The Academy Awards has a set of rules, some of which account for precursor shortlists and to get nominated. Shortlists are fun because it allows the film community to read the depths of each potential nomination, whether for sound, costume design, or original score. Best Original Song is one of these few to receive a shortlist, and going through them, has led me on a path of discovery as it tip-toes a fine line between original musical composition or a song that you eventually hear in the closing credits. It’s akin to the parallels between “Lose Yourself” by Eminem for 8 Mile (2002) and “This Is Me” from The Greatest Showman (2017) winning. Every year brings unique caveats, with diversity in every spectrum and medium – documentary v fictionalized story.
This year has shown a mixture of songs that are representative of the story-themes that the film outlines and ones that do similar but integrated with the actor’s performances – simply put, there are your showy numbers, like “Dream Girl” from last year’s Cinderella adaptation and “Just Look Up” from Don’t Look Up; then there is your subtle and emotionally resonate numbers, like “Beyond the Shore” from Coda. Unfortunately, not every song is good and, assumptions aside, the voting has always confused us with its process. But we’re not here to over-analyze or break down the intricacies of the Academy; we’re here to have a little fun and pick our nominations based on the quality of the songwriting, production, and how it fits within the context of the film going down from five to one. So let’s begin.
5. Be Alive – Beyonce
Produced by duo DIXSON, “Be Alive” does what one expects from a Beyonce anthem – it has Beyonce bellowing at high octanes as the production swishes through these uproarious percussion patterns and horns. It’s reminiscent of her last album, Lemonade (2016), which explores sonic themes prevalent in African music and hip-hop, further adding beautiful layers to complement Beyonce’s songwriting. It isn’t as profound, falling into the typical trappings of the uplifting song at the end that covers the triumph we just witnessed. I wish I could love this enough to make it the best of the five, but like King Richard, which I adored, the song has become past thought where replaying it only reignites that spark.
4. Right Where I Belong – Brian Wilson & Jim James
Brian Wilson is a treasure; there is no doubt about it. Though the latest documentary on the artist is at the top of my watchlist, “Right Where I Belong” is only lighting a fire under my ass for having missed it at first release. The song is an atmospheric piano ballad that brings nuances to past orchestrations, like “Sloop John B” on Pet Sounds. The reverb amplifies Brian Wilson’s voice, giving us this sense of a larger-than-life being who is as normal as you or I, despite his musical genius-level talent. Featuring Jim James of My Morning Jacket, the song offers an inside into the love a teenage Brian Wilson has for this art and building upon this sense of belonging. It’s the essence of Brian Wilson’s craft throughout the years, playing with octanes and transitions all without leaving us hanging out to dry with a wrought focus at experimenting without a hard stop.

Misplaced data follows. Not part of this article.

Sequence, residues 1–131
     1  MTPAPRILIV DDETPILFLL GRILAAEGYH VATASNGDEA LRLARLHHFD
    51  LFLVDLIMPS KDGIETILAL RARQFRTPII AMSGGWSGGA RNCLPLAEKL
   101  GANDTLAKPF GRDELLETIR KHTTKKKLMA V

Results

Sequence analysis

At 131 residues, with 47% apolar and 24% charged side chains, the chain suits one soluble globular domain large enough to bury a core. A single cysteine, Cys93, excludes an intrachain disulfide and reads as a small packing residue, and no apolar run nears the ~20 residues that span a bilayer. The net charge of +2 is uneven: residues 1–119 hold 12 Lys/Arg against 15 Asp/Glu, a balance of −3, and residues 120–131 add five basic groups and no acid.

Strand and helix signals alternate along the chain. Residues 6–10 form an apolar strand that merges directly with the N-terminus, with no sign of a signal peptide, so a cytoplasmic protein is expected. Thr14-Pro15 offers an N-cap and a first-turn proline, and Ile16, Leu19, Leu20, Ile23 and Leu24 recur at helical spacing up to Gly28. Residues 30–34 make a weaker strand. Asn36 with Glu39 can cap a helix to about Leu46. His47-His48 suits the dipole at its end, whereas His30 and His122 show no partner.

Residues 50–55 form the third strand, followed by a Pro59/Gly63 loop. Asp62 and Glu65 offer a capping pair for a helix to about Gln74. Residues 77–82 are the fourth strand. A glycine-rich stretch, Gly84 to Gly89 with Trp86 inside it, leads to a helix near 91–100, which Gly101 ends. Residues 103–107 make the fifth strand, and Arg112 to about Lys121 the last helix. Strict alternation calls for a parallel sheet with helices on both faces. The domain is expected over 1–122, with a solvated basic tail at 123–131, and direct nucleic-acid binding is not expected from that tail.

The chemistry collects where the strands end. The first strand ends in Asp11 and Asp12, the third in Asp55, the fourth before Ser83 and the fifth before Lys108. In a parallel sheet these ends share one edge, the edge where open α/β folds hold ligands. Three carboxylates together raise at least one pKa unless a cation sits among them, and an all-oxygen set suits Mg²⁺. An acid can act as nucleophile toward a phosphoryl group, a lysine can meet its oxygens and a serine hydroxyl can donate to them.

3. Somehow You Do – Reba McEntire, written by Diane Warren
It sucks: like many, for years I’ve been pulling for Diane Warren to finally hear her name called to the Oscar stage as she wins for Best Original Song. Unfortunately, every year she releases a dynamite hit, something comes along that comes with more force, or the Academy is eating up Disney/Pixar’s latest hit. It is likely another one of those years. However, that isn’t to discredit how mesmerizingly fantastic “Somehow You Do” hits with tender acoustics and emotional bravado that doesn’t sugarcoat the bumpy road toward the positives. From the film Four Good Days, Reba McEntire brings to life the love a mother has for her daughter as she helps her recover from her addiction. Tony Brown’s melancholic strings never lose focus underneath some elegantly coated percussion. Warren’s writing is at its peak, and the combination of all three would have me picking this in a year where more emotionally potent songs are in the potential nomination pool.
2. Dos Oruguitas – Sebastian Yatra, written by Lin-Manuel Miranda
“Dos Oruguitas” plays during a pivotal moment within Encanto that is hard to describe the emotional impact it has within the story, but what I can comment on is the arrangement of the song. It keens in on the influence of the music of Colombia – folk in this case. It’s personal, as a Colombian myself, but the song has a degree of poignancy that adds layers to the scene it plays over. Sebastian Yatra’s somber vocals contain a steady rhythm with the production, elevating and de-escalating as needed; especially, mid-track, where the background vocals bring the feelings to life. It’s not enough to gush about this song; watch the film and see it come to life for yourself.
1. Beyond The Shore – Emilia Jones, written by Marius De Vries, Matthew Dahan, and Nicholai Baxter
Like “Dos Oruguitas,” “Beyond The Shore” comes at a pivotal point in the film where Ruby Rossi performs for Berklee, and she simultaneously signs the words to the song to her family, who sneak into the performance. It emboldens the journey Ruby takes us through, from start to finish. The tender melodies are heightened by the piano-driven instrumental. It creates a beautiful parallel to the Rossi family, and their upcoming journey as they continue to strive on the shores with their fish business. It’s the best of the nominees because of how resonant it is to the characters. It adds layers when the performance comes from its lead evoking emotions with poignancy.